Charles Day is Wave Hill’s Ruth Rea Howell Senior Horticultural Interpreter.
There are many species of scented geranium, each with its own unique aroma, released whenever the foliage is lightly brushed. Besides being excellent plants for garden containers, they are grown commercially on a field scale for their aromatic oils, which are used as flavorings in foods and as fragrances for soaps and cosmetics.
Native to Southern Africa, and called pelargoniums by botanists, scented geraniums are distinguished from the related, cold-hardy cranesbills (Geranium spp.) by their flowers. Pelargoniums have two upper petals and three lower, usually of a different size or shape and sometimes of a slightly different color. The cranesbills usually have five, evenly-sized and uniformly-colored petals.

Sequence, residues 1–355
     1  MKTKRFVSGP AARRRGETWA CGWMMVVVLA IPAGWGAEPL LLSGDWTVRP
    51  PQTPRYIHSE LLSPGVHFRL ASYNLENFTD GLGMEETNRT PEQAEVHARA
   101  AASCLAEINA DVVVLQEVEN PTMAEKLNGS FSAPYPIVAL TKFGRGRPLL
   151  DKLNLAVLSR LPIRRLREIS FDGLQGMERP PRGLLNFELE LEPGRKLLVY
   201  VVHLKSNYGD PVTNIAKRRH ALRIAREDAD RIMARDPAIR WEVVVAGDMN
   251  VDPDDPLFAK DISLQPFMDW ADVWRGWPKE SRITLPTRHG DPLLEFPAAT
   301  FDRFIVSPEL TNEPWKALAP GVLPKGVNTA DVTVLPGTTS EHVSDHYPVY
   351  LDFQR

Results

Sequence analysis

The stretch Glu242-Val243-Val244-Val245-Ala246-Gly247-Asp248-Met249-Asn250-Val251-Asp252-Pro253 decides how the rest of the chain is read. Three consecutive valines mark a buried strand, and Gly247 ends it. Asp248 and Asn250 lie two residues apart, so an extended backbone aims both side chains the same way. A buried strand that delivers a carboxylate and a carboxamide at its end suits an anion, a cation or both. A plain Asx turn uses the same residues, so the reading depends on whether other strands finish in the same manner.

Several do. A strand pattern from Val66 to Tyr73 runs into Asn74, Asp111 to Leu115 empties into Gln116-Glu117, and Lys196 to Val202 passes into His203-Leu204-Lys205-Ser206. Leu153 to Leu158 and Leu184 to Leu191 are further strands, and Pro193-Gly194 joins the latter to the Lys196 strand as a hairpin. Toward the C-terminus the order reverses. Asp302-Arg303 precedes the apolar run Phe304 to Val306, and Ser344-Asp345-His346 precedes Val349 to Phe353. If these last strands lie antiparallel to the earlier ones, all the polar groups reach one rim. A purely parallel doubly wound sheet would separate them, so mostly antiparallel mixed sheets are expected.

Pelargonium graveolens is known for its remarkable rose-like scent. It is often used as one of the parent species in the hybridizing new cultivars and, although they might be very different in appearance (and scent), many geranium oils will have “Pelargonium graveolens” listed on the label. Our plant in the Herb Garden is called the “true rose-scented” geranium, indicating that it is the original species.
Right next to it is the peppermint-scented pelargonium (P. tomentosum) with its large, velvety leaves. Located nearby are other pelargoniums, with scents ranging from nutmeg and apple, to lemon and even coconut.